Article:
Got some onion-related photos to share? Click here for submission tips. You just might see your photo in a future newsletter!
Around the Farm   
Brian+Amanda Photography
The New Edition
There's a new little onion in the patch! Bruce and Jeanie welcomed their granddaughter, Clementine, into the world on October 30.
She weighed in at 7 pounds, 4 ounces and was a whopping 18 inches long! She's ready for her first visit to the farm!
The adorable onion cap our little Clementine is wearing in this photo was hand-knit by our photographers.
Cooking with Onions
Vidalia Onion Cornbread
  • 3/4 cup butter, divided
  • 1 large Vidalia (Yellow Granex) onion, chopped
  • 1 cup fresh corn kernels
  • 2.5 cup self-rising yellow corn meal mix
  • 1 cup all-purpose flour
  • 1/2 cup sugar
  • 1.5 cup milk
  • 3 large eggs, lightly beaten

Preheat oven to 400 degrees F. In a small skillet, melt 1/2 cup butter over medium heat. Add onion and corn, and cook 6 to 8 minutes, or until soft; set aside. Place remaining 1/4 cup butter in a 12-inch cast-iron skillet. Place in preheated oven to melt butter and heat skillet. In a large bowl, combine corn meal mix, flour, and sugar. In a small bowl, combine milk and eggs. Add mixture to corn meal mixture, stirring just until dry ingredients are moistened. Add onion, corn, and butter mixture to batter and mix well. Pour batter over melted butter in preheated skillet. Return to oven, and bake 25 to 30 minutes until golden brown, or until a tester inserted in center comes out clean.


Recipe courtesy of Dixondale Farms. Visit our Web site for more delectable recipes! If you have a recipe you'd like us to print, email it to

Q & A: Planting Time? 


Q: How do I know when I can plant my onions?

A. Plant your onions 4-6 weeks before the last estimated spring frost. Onions require full sun and good soil drainage. Choose a location that gets plenty of direct sun. Onions grow best on raised beds or raised rows at least 4 inches high and 20 inches wide. The soil should be loose and crumbly. If it's compacted, work in compost to improve aeration and drainage.

Fun Onion Facts


To the surprise of the Pilgrims, who brought onions with them on the Mayflower, Native Americans already had their own native varieties. They not only ate them, they used the onion skins for dyeing cloth. Those crackly onion skins can be used to create dyes in a number of earthy golden, pink, and brown colors, depending on the onion color, and work best on natural fibers like cotton, wool, and silk. Folk artists still use onion-skin dyes to this day.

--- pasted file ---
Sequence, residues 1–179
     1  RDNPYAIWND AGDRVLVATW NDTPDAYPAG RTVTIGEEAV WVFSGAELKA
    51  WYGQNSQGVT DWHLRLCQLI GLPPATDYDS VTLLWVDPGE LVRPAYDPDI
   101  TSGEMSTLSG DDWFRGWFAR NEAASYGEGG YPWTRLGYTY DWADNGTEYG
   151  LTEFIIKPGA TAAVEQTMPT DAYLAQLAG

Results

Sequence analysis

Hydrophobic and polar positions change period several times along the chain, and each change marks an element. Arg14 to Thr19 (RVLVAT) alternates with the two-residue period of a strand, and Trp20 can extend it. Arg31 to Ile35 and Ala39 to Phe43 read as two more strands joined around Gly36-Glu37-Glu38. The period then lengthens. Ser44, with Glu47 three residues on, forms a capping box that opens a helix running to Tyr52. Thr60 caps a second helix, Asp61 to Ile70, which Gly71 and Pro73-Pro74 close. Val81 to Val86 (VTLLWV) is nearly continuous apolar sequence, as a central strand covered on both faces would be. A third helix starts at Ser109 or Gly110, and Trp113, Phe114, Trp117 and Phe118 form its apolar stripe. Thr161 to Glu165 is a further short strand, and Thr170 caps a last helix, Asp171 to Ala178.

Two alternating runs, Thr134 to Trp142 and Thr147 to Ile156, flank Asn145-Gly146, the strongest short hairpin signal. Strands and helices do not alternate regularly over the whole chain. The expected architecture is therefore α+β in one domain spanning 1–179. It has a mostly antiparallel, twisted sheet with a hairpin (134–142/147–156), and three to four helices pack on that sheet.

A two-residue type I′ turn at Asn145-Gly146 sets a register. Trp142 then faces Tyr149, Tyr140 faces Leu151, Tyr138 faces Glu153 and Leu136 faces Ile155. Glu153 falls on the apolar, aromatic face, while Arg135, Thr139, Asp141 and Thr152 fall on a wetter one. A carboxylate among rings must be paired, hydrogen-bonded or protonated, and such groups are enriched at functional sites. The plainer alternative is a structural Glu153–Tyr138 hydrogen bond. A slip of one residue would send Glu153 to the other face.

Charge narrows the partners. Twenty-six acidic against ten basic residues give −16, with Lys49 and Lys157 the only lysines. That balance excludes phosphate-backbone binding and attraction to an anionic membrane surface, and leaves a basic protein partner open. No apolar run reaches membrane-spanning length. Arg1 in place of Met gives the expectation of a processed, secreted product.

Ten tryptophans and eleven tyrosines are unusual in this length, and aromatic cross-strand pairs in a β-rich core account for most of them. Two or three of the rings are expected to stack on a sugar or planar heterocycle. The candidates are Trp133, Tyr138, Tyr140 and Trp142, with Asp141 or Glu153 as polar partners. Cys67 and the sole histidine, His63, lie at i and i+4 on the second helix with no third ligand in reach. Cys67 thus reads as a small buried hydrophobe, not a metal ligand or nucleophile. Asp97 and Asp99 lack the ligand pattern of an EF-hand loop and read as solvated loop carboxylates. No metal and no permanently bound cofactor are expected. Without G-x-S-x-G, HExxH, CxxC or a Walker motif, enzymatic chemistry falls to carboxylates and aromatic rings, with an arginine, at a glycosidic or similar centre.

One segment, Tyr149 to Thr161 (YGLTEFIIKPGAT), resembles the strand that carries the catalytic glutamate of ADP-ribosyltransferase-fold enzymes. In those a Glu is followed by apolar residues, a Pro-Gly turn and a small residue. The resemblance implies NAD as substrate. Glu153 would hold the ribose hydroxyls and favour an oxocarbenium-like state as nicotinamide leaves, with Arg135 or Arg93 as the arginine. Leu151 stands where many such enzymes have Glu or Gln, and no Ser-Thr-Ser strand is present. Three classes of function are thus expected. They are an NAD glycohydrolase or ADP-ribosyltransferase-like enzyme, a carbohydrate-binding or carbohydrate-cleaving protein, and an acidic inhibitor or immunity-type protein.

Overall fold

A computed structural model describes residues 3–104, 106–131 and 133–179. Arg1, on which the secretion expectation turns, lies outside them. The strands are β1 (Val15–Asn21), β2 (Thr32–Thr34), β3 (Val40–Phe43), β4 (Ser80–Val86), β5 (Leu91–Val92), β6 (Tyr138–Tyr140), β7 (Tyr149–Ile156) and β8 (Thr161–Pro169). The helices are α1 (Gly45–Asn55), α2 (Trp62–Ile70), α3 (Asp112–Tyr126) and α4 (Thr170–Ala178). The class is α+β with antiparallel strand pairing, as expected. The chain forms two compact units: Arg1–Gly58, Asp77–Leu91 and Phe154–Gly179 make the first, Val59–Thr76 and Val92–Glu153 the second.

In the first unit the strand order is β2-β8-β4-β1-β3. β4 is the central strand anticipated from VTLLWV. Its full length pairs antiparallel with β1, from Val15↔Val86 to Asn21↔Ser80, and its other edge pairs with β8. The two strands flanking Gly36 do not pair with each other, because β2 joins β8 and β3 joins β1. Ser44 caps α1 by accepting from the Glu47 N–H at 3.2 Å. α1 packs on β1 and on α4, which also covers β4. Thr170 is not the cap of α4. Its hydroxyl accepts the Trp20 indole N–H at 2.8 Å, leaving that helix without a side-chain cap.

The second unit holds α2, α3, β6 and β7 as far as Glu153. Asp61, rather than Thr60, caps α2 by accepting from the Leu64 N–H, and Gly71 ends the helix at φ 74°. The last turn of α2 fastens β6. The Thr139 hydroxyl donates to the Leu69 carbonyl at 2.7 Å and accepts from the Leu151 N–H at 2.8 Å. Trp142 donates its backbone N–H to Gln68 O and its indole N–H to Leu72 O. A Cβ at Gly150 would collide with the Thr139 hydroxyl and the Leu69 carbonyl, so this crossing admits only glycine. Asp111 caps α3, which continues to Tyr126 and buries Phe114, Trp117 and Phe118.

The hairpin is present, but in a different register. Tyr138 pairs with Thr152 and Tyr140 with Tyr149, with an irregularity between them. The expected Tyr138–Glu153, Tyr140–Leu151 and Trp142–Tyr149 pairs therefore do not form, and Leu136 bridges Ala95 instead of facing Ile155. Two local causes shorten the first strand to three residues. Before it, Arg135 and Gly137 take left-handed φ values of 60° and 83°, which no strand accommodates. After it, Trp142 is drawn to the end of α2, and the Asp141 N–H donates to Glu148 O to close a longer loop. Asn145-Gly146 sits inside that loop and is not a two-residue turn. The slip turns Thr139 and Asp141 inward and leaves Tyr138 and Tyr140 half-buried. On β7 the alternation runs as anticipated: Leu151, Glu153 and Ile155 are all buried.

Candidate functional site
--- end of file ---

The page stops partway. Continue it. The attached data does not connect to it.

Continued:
Your Questions Answered


We have answers to your frequently asked questions! Just click the link for information on when to order your onions and how to find your frost and freeze dates, as well as for tips on planting, caring, feeding, harvesting, and storing them.  


You can also print our electronic Planting Guide, or download a PDF version for easy reference.


And be sure to review our short videos, on topics ranging from bolting and fertilizing, to how onion plants are harvested, and how they deal with cold weather. 

About Dixondale Farms

As the largest and oldest onion plant farm in the U.S., Dixondale Farms offers a wide selection of top-quality, disease-free, ready-to-plant onion plants. To see our complete product line, request a catalog, or for growing tips and cultural information, visit our Web site.


Whether you're planting one bunch or thousands of acres, we're committed to your success. We've posted answers to frequently asked questions about growing onions on our FAQ page. You can also go to the Learn section of our Web site for growing guides. And of course, we're also available from 8:00 AM to 5:00 PM CT at 877-367-1015, or e-mail us any time at

Facebook Icon Join Us on Facebook!


Join the community of friends and growers on our Facebook page! You can connect with us and fellow growers to share stories, photos, recipes, weather information, and other tips.


We were blessed with a visit from the local Girl Scout troop on November 17. Jeanie passed out cookies and hot chocolate after a tour of the shed, and we sent the girls home with onion plants to start gardens of their own!

phone: 877-367-1015